Sunday, March 23, 2008

Jewish...but not

On Easter, I always find it most confusing to be half-Jewish. It is the least believable of all the Christ tales, and of course the most significant to being able to call oneself, "Christian". I really love that TV movie, "Jesus of Nazareth." I believe it totally, as much as I believe in Mary Poppins and the Wicked Witch of the West and the love of Rhett and Scarlet. I love the music of "Godspell" and "Jesus Christ Superstar." These depictions move me to utter belief in that reality.

As I've matured though, and explored the deeply held faiths of other cultures, and even delved haphazardly in the Jewish faith of my own family, I slam into the inner skeptic. I find myself making excuses for a belief held in Christianity that seems really now much more like a flimsy remake of some good original material. I read of Mithra, and Serapes Bay, and even of Amenhotep, and I have to wonder. I read of the Goddesses Ishtar, Inana, and Ashara and wonder how Eostar, the birth of the star, the fertility rights of Spring Equinox got so confused.

It begins to feel like Christianity is no more than a crazy game of "grapevine," where we've whispered secrets so long that the original message is lost and garbled into a funny story that should make us all laugh. That we've crusaded, crushed kingdoms, burned women over it, of course, removes the laughter quite completely.

Still I love the music, "Oh happy day! Oh Haaaappy Daaa-ay! When Jesus washed my sins away! Oh Happy Day!"

The simple beauty of a man, revealed as the true nature of God, dying in a terrible injustice and rising from this death to declare his eternal love for humanity humbles the storyteller in me. I really love that this man's story tells us that he's Jewish, deeply enmeshed in the lineage of his Jewishness, the sons of David, a Prince and Ruler in Israel.

I can relate to that "Jewish, but not..." aspect so personally. I come from a proud disenfranchised, barely-believing Jewish family. Lately, I've become aware of how much I missed out on because I was never taught much about my Jewishness other than the food, a few words in Yiddish, and some local glory in Denver's past. I have found myself wondering and wondering about why my grandparents walked away, why they never taught me anything. Was it because they no longer believed, really? That's the claim. I wonder though if they didn't teach me because to them I wasn't really Jewish, since my mother is a Christian.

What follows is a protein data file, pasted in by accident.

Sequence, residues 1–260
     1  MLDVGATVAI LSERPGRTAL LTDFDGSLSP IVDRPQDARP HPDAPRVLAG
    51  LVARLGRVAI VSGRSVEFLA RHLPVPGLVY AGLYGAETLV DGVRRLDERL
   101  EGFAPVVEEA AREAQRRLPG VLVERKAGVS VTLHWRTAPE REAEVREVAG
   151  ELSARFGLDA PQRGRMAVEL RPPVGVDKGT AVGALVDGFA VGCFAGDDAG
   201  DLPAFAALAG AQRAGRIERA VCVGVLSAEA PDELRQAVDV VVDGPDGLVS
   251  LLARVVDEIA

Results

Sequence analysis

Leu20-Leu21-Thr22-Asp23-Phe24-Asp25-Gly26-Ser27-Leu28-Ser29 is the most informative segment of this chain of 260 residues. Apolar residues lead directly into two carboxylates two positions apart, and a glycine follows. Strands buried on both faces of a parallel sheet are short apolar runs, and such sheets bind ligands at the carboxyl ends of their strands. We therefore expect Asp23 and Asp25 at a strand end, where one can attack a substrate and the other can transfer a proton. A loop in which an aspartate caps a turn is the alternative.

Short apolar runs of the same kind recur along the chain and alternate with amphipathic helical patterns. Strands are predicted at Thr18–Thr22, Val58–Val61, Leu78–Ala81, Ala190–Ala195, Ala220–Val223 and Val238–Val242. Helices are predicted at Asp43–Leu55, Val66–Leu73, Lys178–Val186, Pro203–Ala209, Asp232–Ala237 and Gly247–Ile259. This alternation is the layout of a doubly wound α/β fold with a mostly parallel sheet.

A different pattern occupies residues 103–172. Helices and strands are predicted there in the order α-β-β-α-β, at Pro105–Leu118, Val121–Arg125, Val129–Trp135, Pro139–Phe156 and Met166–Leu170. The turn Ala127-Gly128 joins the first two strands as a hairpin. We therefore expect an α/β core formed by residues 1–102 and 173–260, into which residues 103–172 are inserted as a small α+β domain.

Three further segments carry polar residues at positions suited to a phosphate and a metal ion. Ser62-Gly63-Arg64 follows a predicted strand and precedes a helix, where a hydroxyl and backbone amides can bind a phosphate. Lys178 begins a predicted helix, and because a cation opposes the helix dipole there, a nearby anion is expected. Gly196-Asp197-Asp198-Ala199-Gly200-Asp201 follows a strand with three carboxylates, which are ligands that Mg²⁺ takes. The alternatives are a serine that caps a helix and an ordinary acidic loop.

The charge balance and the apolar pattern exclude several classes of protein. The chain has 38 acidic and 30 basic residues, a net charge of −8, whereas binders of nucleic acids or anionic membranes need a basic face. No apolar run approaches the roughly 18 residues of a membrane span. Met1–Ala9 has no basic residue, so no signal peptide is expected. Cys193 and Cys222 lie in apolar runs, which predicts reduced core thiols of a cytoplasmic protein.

My grandmother, who I called, "Mamaw" used to say to me, "I'm sure that Jesus was a very nice man." That phrase probably has influenced my faith more than any other statement that was ever uttered to me. Did she know? Did she know that I would never ever be able to invest myself in the "Godliness" of Jesus the man? She, the girl who never missed a Sunday school Hebrew lesson growing up? She was no dummy.

Neither was my "Papaw" who took us for a picnic on the holiest day of the Jewish year -- Yom Kippur. I find myself wondering, Why that day? Why a picnic? Why always a painting and a walk in the woods? Was it really about irreverence? Thumbing his nose at the Rabbi's, who'd demanded he, the son of the Temple's founders, come up with the money for a pew, for the High Holidays, or not come at all during the height of the Depression? Yom Kippur, the day of atonement, of at-one-ment, my only Jewish holiday, expressed in such a backwards, strange way. Yet, no day of the year was more important to me during my childhood, not Christmas, not Easter. There was no day that felt MORE reverent than the day I got out of school to spend time with my family in the woods.

I mourn my confusion only because I have done such a piss poor job at creating moments of quiet reverence, or phrases of truth for my children. They are materialistic and hate anything that smacks of ritual. My daughter's skeptic is huge, much huger than mine, and I can see she rejects my wonder and hopes that she see through the easy explanations, and my son just doubts a lot. I have given them too much information, if anything, instead of too little.

What happened to Christ the Jew? It wasn't until 300 years after his death that Christianity was anything other than a sect of Judaism. Was he God? No, not to to me, anymore at least than I am God. That's another blog. He was a Jew. He was an adept, highly studied and educated, perhaps beyond the bounds of his Jewishness. Perhaps, he traveled and learned of the Hindi, the Zoroastrians, the Buddhists and brought new ideas into Judaism. Perhaps, he did die and live again, but all in all, I'm sure what it boils down to is this, "I'm sure he was a very nice man." That is as far as I can go. Happy Spring Equinox!

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